How to Prepare for Blackouts, Wild Fires, or the Big One
If the recent blackouts taught you that you’re ill-prepared for disaster, take these tips to heart on how to get your act together.
Photo above courtesy GoalZero; below, Ramona d'Viola
Disconcerting as it may be, Bay Area residents are accustomed to a little geological rock and roll, and increasingly, unquenchable wild fires. Now, add Public Safety Power Shutoffs, or PSPS, to the list of catastrophes that affect the region.
It was this man-made event that shut down Northern California’s electric grid recently in a poorly executed response to severe weather and high winds. Soon enough, residents will be fretting about hurricanes or blizzards, but for now, PG&E’s blackouts are just part of the new normal. The word from on high is that Californians should get used to it.
If there’s a silver lining to this dark cloud of a drill, it’s that you discovered that you were prepared — or you weren’t. And now you know. Here are some tips on how to get your act together if you fall into the latter category.
A gas generator or a solar-powered power station is a necessity for every household. With high capacity and long-lasting storage, today’s clean solar-powered power stations are viable alternatives to their noisy, gas-powered cousins. Brands like Goal Zero and EcoFlow have families of solar-powered products designed to keep everything humming — from your phone to your fridge — when the juice goes off.
Speaking of solar, if you haven’t already installed panels on your property, there’s no time like the present. With the threat of ongoing PSPS events into the foreseeable future, it’s time to put all that abundant California sunshine to work for your own household. Then seal the off-the-grid deal with a battery bank.
Increasingly affordable Brands like LG and Mercedes have entered the high-capacity battery storage space. Topping the charts for cost, Tesla’s impeccably designed Powerwalls buys you peace of mind during a power outage, and you’ll begin to recoup the cost the next time the switches get flipped.
Moreover, a 5-kW solar system adds an average of $30,000 to the value of a mid-size home in the Bay Area, along with plenty of free, green, renewable energy. Take that, PG&E.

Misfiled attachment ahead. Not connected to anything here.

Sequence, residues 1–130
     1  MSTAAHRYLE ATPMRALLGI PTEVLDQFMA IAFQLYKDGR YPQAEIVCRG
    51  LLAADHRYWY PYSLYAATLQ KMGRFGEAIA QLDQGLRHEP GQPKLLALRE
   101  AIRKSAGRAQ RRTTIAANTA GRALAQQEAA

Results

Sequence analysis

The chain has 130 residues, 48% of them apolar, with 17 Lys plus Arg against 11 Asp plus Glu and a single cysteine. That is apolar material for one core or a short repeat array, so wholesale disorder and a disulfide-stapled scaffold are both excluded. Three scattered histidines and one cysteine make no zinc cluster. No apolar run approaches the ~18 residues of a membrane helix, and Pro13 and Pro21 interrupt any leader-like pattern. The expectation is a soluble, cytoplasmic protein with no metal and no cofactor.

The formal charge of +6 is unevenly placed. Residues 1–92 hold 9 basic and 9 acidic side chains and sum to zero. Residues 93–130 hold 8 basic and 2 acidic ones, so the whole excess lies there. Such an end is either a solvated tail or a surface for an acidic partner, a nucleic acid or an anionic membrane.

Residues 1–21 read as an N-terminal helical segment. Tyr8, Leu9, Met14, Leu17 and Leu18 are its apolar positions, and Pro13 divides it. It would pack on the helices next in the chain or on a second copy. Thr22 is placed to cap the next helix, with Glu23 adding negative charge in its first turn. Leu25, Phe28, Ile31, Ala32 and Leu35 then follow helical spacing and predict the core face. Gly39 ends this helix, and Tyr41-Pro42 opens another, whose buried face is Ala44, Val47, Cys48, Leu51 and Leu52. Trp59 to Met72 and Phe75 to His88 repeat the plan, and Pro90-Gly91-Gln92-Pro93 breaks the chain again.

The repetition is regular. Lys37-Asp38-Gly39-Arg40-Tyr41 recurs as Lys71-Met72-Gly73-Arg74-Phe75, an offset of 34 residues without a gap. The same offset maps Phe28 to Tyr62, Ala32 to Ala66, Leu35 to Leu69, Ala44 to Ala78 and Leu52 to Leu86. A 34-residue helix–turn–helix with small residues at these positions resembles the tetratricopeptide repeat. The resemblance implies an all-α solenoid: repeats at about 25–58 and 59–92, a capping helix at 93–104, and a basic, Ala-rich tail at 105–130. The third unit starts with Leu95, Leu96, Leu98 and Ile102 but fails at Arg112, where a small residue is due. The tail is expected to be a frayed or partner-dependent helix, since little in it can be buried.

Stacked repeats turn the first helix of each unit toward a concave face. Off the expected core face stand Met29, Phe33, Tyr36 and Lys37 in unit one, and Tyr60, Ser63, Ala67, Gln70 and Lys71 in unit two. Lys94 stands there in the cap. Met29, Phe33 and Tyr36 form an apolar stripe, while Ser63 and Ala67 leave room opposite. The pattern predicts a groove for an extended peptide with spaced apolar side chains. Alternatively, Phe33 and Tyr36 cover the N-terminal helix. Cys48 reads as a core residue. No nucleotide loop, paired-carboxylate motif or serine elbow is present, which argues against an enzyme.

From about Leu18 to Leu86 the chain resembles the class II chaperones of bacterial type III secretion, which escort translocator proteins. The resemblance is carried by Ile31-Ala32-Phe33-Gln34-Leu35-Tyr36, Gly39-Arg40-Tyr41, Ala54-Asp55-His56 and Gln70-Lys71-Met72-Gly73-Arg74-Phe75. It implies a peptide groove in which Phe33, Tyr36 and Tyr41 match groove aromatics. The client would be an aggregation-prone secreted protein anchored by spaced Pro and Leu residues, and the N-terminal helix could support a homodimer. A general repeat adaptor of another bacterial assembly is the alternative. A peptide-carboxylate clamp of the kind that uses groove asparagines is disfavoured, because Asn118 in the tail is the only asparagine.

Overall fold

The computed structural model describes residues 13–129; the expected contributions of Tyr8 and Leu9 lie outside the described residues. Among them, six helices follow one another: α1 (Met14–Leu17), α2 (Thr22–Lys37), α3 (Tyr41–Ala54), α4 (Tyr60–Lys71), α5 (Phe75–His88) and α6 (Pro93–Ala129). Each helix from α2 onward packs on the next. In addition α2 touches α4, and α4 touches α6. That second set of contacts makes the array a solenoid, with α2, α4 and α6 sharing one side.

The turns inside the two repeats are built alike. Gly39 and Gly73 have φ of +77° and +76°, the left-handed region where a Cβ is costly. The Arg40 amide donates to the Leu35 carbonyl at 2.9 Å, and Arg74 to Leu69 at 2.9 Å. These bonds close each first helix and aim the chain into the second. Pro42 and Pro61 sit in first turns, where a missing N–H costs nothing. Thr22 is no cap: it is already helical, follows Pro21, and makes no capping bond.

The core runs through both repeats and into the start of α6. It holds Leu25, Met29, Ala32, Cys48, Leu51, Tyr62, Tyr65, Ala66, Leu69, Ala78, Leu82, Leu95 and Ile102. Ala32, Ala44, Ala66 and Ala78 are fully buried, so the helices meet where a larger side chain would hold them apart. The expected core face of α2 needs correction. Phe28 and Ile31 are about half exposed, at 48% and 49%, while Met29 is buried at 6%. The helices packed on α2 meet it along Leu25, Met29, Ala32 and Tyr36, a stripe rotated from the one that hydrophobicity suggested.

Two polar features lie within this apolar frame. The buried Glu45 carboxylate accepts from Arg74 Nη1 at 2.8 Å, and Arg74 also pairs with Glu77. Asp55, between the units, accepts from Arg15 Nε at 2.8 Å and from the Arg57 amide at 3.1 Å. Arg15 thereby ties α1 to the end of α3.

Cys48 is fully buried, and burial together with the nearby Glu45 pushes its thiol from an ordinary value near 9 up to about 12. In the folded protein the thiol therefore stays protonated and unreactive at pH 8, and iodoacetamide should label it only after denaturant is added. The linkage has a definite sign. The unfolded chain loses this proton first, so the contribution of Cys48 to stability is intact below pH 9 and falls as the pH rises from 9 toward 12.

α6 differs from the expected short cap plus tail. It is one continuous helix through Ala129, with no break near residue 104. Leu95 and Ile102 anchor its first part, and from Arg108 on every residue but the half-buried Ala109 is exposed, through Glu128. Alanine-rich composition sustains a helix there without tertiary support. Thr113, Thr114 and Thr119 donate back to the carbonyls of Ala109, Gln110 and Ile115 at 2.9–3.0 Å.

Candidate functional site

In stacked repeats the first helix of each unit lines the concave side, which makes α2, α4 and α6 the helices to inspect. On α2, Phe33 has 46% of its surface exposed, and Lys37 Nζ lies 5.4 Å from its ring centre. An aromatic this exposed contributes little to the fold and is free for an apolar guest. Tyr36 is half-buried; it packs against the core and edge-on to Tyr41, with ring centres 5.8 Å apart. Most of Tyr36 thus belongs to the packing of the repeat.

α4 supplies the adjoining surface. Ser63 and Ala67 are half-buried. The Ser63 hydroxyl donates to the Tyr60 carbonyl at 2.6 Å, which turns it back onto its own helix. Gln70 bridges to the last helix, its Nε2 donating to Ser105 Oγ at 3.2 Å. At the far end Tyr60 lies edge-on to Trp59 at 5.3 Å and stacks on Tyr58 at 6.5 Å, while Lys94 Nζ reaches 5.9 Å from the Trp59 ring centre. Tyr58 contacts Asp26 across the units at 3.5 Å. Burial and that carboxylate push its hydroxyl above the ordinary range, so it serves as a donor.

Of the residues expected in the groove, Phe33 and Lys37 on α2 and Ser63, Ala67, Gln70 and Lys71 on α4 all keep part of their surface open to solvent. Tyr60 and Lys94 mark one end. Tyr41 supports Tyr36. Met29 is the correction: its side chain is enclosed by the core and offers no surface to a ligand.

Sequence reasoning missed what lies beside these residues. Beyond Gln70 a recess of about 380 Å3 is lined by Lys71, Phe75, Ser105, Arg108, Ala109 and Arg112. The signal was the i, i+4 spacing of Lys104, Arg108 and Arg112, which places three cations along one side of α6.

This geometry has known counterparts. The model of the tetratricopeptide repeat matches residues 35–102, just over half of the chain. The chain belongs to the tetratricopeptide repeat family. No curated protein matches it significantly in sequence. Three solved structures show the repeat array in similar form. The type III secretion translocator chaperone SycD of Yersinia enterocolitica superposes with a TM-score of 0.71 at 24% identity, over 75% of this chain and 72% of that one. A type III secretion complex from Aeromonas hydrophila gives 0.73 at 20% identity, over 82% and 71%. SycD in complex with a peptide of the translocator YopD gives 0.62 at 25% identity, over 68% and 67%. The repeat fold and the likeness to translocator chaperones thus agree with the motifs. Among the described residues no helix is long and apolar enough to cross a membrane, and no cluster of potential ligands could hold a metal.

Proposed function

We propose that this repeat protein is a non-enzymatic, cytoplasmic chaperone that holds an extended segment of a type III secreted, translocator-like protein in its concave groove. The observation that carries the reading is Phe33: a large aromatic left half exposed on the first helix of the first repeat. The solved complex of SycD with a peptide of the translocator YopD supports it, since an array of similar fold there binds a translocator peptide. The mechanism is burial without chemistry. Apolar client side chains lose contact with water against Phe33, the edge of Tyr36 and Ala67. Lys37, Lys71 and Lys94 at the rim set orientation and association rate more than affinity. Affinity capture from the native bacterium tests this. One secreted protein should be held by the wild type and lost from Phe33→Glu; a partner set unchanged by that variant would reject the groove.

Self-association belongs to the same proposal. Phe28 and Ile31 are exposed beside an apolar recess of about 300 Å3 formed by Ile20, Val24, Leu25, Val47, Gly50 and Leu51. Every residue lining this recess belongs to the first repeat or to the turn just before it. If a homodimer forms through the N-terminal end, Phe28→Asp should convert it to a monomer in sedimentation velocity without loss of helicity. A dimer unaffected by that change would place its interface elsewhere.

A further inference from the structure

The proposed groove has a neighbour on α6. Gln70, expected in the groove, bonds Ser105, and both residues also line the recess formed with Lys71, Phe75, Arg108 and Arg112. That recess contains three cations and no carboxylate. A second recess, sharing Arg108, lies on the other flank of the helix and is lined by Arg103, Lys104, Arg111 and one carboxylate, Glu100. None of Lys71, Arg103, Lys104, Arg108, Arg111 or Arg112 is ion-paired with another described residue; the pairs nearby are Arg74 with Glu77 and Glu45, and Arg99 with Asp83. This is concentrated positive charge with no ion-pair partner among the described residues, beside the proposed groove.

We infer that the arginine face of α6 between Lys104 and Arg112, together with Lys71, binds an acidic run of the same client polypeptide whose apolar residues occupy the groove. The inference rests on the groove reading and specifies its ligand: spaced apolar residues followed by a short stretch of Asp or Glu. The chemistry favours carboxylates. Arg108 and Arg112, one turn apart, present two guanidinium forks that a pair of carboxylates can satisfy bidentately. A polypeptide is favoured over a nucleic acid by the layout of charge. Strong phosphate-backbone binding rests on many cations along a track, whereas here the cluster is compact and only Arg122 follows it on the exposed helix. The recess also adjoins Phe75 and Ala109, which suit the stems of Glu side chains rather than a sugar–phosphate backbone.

With another wet, cold Bay Area winter on the horizon, keeping warm when the power goes out is a valid concern, especially for families with kids and the elderly. Even gas-powered homes might be affected by electric power outages, wildfires, or earthquakes.
First, you should know where your gas meter is and how to turn it off. A large adjustable wrench near or attached via a length of cable or chain to your meter keeps it at the ready during and after an emergency event.
For the lucky ones with fireplaces, time to chop wood and get out the marshmallows — or better yet, the Tuscan grill. For the rest of us, it’s fuel-burning heater time with caveats. Any heater using a combustible fuel source requires extreme caution.
The good news is the latest spate of gas- and propane-powered indoor heaters have made great strides in minimizing their fire and exhaust risk. Companies like Mr. Heater offer sturdy, well-designed propane heaters in a variety of sizes for different applications. The Little Buddy is a compact heating device designed to warm a 95-square-foot space, while its larger, portable brother, the Buddy Heater will keep a 450-square-foot room comfortable. Easy to use, these devices attach to a canister, a propane tank, or both, and feature accidental tip-over safety shutoff systems to maximize safety.
At the bottom of the recommendation list for keeping warm during a power outage are kerosene heaters. They require appropriate and adequate ventilation, which is not always possible during inclement weather or during smoky, fire events. However, when used properly, you won’t be the cause of your own conflagration.
Coolers and ice chests will only last so long, so it’s always a good idea to stock the pantries with nonperishable and non-cook foods as part of your hunkering down preparations. An electric kettle (plugged into your generator) and pre-ground coffee in a French press will definitely spark joy on a cold and dreary morning.
Retain the chill in your fridge for as long as possible without a generator by opening it sparingly. Remember, if your refrigerator goes without power longer than three or four days, chances are your perishables have perished and should be disposed of.
Set up an outdoor kitchen with a Coleman stove, toaster oven, or a fancy propane-powered burner and dine al fresco (weather permitting).
Lastly, don’t forget to invite (or check in on) your neighbors. Build your community before the catastrophes because everyone is all in this together. Prep the grill and make the best of it.